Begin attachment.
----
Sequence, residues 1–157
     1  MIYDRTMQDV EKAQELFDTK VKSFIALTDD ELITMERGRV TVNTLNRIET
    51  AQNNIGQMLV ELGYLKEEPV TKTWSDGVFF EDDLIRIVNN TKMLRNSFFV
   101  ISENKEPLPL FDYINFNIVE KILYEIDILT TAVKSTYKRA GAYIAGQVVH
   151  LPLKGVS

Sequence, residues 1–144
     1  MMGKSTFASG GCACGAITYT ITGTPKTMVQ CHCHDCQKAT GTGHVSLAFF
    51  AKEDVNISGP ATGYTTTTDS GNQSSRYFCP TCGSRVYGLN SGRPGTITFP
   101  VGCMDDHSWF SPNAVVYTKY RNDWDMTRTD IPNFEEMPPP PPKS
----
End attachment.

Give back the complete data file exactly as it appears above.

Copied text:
Sequence, residues 1–157
     1  MIYDRTMQDV EKAQELFDTK VKSFIALTDD ELITMERGRV TVNTLNRIET
    51  AQNNIGQMLV ELGYLKEEPV TKTWSDGVFF EDDLIRIVNN TKMLRNSFFV
   101  ISENKEPLPL FDYINFNIVE KILYEIDILT TAVKSTYKRA GAYIAGQVVH
   151  LPLKGVS

Sequence, residues 1–144
     1  MMGKSTFASG GCACGAITYT ITGTPKTMVQ CHCHDCQKAT GTGHVSLAFF
    51  AKEDVNISGP ATGYTTTTDS GNQSSRYFCP TCGSRVYGLN SGRPGTITFP
   101  VGCMDDHSWF SPNAVVYTKY RNDWDMTRTD IPNFEEMPPP PPKS